rescinded; at least for the time being. “Right now demolition is off the table,” Lord told The County Times. “At least for now that’s not going to happen.” Don Cropp, owner of Colony Builders, said he believed the church was far from a lost cause. “It’s just a simple wood frame church,” Cropp said. “We can knock it out in a few weeks.” Cropp has taken on and successfully completed several major restoration projects around the county. Those include the restored lighthouse on St. Clements Island as well as the African American School House in Drayden. Cropp said the county continues to lose much of its history through buildings being demolished or left to collapse, such as tobacco barns. “It seems like we’ve lost much of our history,” Cropp said. “But we can preserve more of it by preserving these churches. “They are the most beautiful buildings we have left.” Carpentry in the 19th century was not significantly different from carpentry today, Cropp said, and resources readily available from the Amish and Mennonite community, which use much older methods, made restoring historic buildings more feasible. “Everything that was done we can fabricate here,” Cropp said. “I think this will be a good community project.” Dave Hudson, junior warden at the All Saints parish, was adamant about saving the church. “We’re not going to demolish it, were going to save it,” Hudson said. “It’s going to be a labor of love.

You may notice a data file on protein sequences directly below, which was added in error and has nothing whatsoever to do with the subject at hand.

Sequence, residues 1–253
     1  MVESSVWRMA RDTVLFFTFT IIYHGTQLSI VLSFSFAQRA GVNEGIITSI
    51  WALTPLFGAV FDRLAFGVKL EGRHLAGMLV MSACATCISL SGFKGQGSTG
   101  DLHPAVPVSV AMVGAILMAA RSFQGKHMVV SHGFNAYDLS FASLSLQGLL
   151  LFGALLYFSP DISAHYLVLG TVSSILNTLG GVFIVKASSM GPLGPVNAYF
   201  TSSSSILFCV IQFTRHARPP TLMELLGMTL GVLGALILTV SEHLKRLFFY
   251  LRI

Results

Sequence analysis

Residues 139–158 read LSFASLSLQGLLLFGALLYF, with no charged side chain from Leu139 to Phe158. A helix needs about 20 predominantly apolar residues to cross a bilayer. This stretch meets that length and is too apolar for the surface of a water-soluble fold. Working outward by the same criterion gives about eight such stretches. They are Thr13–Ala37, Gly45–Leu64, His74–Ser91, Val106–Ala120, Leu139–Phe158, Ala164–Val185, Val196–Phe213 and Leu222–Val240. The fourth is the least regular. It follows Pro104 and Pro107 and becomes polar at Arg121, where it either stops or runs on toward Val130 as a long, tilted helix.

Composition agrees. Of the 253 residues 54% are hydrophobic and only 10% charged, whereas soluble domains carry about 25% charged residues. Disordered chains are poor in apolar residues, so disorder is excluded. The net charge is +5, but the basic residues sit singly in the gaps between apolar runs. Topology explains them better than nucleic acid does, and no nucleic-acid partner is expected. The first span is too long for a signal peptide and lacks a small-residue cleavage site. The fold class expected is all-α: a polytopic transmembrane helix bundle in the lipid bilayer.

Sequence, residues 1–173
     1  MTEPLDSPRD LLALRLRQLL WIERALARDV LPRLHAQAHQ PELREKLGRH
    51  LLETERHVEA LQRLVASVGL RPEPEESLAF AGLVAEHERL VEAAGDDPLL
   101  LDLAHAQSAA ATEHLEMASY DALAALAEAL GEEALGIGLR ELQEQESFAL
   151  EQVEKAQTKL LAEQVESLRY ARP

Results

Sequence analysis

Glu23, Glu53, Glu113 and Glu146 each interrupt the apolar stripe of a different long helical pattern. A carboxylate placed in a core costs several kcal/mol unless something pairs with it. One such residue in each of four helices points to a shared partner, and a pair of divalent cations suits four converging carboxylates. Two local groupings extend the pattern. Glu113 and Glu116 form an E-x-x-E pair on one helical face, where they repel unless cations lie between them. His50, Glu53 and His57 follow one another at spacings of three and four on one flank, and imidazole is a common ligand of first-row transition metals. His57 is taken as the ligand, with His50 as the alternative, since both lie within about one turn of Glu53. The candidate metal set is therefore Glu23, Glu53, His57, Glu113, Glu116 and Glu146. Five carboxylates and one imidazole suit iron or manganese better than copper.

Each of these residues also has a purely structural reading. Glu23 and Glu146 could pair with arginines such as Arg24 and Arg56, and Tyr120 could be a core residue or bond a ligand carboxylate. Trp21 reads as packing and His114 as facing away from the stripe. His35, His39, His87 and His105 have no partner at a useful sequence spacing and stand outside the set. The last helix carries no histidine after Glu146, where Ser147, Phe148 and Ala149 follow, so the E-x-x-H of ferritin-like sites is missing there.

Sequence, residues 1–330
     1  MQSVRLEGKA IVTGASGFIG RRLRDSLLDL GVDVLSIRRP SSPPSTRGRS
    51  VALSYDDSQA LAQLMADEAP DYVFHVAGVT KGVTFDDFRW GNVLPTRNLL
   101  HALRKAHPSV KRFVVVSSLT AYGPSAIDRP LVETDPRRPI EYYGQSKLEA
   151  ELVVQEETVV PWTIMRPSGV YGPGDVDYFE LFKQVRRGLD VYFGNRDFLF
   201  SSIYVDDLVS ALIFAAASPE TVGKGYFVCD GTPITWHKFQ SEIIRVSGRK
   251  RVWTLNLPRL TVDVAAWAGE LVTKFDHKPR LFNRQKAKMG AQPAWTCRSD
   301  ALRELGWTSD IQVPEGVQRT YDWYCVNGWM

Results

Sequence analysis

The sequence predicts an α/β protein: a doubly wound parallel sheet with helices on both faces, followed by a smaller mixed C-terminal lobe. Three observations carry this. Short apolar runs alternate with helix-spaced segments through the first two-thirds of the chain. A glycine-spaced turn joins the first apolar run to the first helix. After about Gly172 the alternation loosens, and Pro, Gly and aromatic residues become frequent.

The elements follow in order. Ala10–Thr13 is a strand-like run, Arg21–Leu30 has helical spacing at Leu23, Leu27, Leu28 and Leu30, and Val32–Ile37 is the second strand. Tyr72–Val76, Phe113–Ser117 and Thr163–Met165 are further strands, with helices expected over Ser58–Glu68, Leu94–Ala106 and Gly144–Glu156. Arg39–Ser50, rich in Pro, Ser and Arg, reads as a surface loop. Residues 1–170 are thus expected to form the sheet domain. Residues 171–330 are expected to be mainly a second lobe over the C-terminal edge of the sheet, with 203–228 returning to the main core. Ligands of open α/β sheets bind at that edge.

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The County Times

Local News

Thursday, May 17, 2018

Commissioners Approve Valley Lee Fire/ Rescue Tax Increase

By Guy Leonard Staff Writer

Residents of the 2nd and 9th Election Districts will now pay more in taxes to support their local first responders. The Commissioners of St. Mary’s

County, after some debate over the possibility of last-minute changes to the rate increases, voted by a 3-to-2 margin to raise the fire tax rate for the two districts to .056 cents per $100 of assessed property value and the rescue tax portion to .017 per $100 of assessed value for both districts as well.